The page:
Some Jews arrive in Israel and discover it is their homeland. Other Jews get there only to realize that, after all that, “home” is the place they just left.
One such traveler was Joshua Ellison, a young man who moved from Providence, R.I., to Jerusalem on a Dorot Fellowship three years ago. Ellison immediately came face to face with the “very fraught notion of what’s presented as a homeland, and there I was very much an outsider.” But rather than simply living with his discomfort, Ellison put it to creative use by founding a tidy little literary journal that has just debuted.
The new publication, Habitus, is called “a Diaspora journal,” and its operating premise is that the relation of Jews to their far-flung homes — in places like Buenos Aires and Sarajevo and New Orleans — has a great deal to tell us not only about Jewish life but also about the modern experience with all its dislocation and movement.
“Here we have this idea that is so deeply written into Jewish language — and rather than just being a tool for understanding Jews, it can also be a tool for understanding something that is profoundly modern and global,” said Ellison, who now lives in the Red Hook section of Brooklyn.
Ellison’s plan is to have each new issue of Habitus look at a particular city and its Jewish inhabitants. The subject of the first issue is Budapest, which has long been one of the most distinctive pockets of the Diaspora. Habitus seems less interested in the facts and figures of Budapest’s Jews than in diving into the literary and cultural weight of the city. There is a short story from Hungarian novelist Peter Zilahy and poems from Hungarian-born Israeli poet Agi Mishol. And in a historical essay, Hungarian intellectual George Konrad writes that “those Jews who lived in Budapest or Berlin or Belgrade or Bucharest were certifiably at home there. To what extent they were Jews, Hungarians, Germans, Serbs, or Romanians is an open question. But that they were denizens of these cities is beyond question. Nationalist, Communist, or theocratic statism excludes and expels; middle-class urbanism integrates.”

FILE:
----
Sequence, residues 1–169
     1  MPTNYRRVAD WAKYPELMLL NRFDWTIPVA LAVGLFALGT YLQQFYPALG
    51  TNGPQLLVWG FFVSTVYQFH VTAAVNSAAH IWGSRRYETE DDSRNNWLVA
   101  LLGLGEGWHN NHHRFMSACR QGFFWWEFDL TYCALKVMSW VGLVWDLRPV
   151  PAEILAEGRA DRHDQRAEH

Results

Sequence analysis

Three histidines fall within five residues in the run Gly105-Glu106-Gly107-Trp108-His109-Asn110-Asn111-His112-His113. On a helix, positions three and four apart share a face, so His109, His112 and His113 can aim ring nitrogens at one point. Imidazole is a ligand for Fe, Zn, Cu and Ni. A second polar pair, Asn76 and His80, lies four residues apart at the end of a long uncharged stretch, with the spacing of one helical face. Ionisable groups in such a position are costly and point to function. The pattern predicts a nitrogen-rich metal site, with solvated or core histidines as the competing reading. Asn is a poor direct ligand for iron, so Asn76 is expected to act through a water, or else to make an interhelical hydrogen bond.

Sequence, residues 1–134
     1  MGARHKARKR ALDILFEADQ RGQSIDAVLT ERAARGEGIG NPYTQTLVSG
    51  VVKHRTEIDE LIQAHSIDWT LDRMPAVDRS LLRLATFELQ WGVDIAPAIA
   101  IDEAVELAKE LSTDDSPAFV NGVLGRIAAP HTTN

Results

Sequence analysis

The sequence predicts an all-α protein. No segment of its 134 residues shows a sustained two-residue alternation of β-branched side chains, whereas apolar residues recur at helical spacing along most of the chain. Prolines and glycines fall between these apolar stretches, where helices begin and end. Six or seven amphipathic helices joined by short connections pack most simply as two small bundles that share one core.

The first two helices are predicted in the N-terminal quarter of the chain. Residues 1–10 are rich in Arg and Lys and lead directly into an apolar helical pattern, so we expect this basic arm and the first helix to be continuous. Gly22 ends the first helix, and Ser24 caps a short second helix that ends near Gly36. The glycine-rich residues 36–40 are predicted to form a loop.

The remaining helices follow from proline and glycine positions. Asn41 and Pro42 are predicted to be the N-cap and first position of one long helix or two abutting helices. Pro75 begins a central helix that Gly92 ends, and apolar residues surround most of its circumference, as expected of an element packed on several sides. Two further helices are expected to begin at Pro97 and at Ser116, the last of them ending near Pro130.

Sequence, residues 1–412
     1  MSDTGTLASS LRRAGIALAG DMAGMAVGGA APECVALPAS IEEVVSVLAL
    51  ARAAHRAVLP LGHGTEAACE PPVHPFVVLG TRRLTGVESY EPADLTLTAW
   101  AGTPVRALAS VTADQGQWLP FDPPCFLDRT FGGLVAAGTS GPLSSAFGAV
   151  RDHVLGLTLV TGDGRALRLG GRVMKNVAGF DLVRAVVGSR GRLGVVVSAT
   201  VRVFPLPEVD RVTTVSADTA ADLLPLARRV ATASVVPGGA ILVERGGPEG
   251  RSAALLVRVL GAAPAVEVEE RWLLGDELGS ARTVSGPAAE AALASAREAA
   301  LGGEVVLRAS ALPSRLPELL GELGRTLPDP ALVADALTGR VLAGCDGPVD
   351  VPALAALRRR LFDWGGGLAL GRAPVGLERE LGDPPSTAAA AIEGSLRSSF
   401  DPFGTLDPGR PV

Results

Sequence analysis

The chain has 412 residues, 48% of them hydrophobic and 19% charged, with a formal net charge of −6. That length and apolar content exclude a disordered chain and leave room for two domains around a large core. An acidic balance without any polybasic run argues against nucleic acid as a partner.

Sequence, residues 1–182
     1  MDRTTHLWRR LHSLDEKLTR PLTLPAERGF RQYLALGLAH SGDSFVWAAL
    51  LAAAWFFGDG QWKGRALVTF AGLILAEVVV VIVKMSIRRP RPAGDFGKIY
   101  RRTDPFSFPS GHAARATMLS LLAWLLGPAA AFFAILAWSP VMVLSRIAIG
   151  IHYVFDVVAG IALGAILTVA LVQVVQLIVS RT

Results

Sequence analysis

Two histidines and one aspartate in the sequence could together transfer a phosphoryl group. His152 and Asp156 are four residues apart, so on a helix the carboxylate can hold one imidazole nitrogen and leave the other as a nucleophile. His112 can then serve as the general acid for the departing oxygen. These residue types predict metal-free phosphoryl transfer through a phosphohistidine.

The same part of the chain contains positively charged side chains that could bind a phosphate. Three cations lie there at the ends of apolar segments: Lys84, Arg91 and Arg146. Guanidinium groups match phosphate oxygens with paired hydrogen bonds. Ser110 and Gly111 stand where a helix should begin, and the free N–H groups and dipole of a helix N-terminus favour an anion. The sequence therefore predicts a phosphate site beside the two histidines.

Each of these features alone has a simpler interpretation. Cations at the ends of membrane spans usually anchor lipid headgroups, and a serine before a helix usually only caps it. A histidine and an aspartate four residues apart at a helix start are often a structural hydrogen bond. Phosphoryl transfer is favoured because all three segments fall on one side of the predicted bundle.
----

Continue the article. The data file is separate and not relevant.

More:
The slated topic for the next issue of Habitus, set to appear in six months, is Sarajevo, where Jews live in a city that is 80% Muslim and get along quite well, according to Ellison’s early investigations. Ellison has begun each issue by traveling to the city and talking to its citizens. Topically, the Sarajevo issue will focus much more on the post-Yugoslavian wars, where Budapest returned again and again to the Holocaust. But Ellison also wants the entries to convey the tone of the city. Where Budapest is “sophisticated and philosophical,” Ellison says that Sarejevo is “very dark and fun” but “less classically literary.”
In both cases, Ellison is hoping to give local literary talents a first gateway to the American reading public.
It is, of course, one thing to have these lofty goals and another to find readers and money to keep it all afloat. So far, Ellison has relied on continued funding from Dorot, a New York foundation, as well as on an anonymous Israeli donor. His first issue had a print run of 2,000.
Habitus is one of a number of new publications hitting the market as young Jews try to relate to Judaism on their own terms. Ellison, 28, grew up in what he calls a typical Conservative home, which he said “grew stale” for him at some point.
Now, after traveling and editing, he’s coming to his own understanding not only of Judaism but also of the Israel that felt so foreign during his first days there.
“To try to understand Israel without understanding Hungarian-ness — it’s like the sound of one hand clapping,” he said. “Hungarian-ness is deeply embedded in what it means to be Israeli — so is Argentine-ness.”
Nathaniel Popper is a staff writer at the Forward.